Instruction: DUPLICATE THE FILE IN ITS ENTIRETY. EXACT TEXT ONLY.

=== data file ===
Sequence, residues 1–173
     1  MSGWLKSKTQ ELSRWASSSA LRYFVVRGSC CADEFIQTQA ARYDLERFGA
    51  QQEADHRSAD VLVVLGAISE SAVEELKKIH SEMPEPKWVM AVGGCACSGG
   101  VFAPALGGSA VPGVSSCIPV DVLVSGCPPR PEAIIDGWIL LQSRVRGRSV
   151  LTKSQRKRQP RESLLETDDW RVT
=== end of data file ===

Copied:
Sequence, residues 1–173
     1  MSGWLKSKTQ ELSRWASSSA LRYFVVRGSC CADEFIQTQA ARYDLERFGA
    51  QQEADHRSAD VLVVLGAISE SAVEELKKIH SEMPEPKWVM AVGGCACSGG
   101  VFAPALGGSA VPGVSSCIPV DVLVSGCPPR PEAIIDGWIL LQSRVRGRSV
   151  LTKSQRKRQP RESLLETDDW RVT